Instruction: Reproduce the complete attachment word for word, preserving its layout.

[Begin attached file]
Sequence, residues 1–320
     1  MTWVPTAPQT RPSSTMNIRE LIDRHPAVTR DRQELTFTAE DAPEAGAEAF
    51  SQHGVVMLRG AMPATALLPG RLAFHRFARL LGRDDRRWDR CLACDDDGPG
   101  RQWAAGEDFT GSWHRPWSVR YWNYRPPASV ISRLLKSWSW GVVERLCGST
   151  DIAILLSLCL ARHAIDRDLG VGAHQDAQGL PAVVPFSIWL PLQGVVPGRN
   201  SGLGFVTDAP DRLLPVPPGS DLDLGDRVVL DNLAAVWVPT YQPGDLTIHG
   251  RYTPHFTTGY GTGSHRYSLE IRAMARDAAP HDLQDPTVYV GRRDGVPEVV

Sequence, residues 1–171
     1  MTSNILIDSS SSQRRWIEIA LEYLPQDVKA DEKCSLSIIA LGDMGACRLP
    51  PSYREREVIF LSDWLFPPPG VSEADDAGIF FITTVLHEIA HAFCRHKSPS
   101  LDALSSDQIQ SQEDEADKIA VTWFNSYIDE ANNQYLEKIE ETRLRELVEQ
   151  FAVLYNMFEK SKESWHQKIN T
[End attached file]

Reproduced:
Sequence, residues 1–320
     1  MTWVPTAPQT RPSSTMNIRE LIDRHPAVTR DRQELTFTAE DAPEAGAEAF
    51  SQHGVVMLRG AMPATALLPG RLAFHRFARL LGRDDRRWDR CLACDDDGPG
   101  RQWAAGEDFT GSWHRPWSVR YWNYRPPASV ISRLLKSWSW GVVERLCGST
   151  DIAILLSLCL ARHAIDRDLG VGAHQDAQGL PAVVPFSIWL PLQGVVPGRN
   201  SGLGFVTDAP DRLLPVPPGS DLDLGDRVVL DNLAAVWVPT YQPGDLTIHG
   251  RYTPHFTTGY GTGSHRYSLE IRAMARDAAP HDLQDPTVYV GRRDGVPEVV

Sequence, residues 1–171
     1  MTSNILIDSS SSQRRWIEIA LEYLPQDVKA DEKCSLSIIA LGDMGACRLP
    51  PSYREREVIF LSDWLFPPPG VSEADDAGIF FITTVLHEIA HAFCRHKSPS
   101  LDALSSDQIQ SQEDEADKIA VTWFNSYIDE ANNQYLEKIE ETRLRELVEQ
   151  FAVLYNMFEK SKESWHQKIN T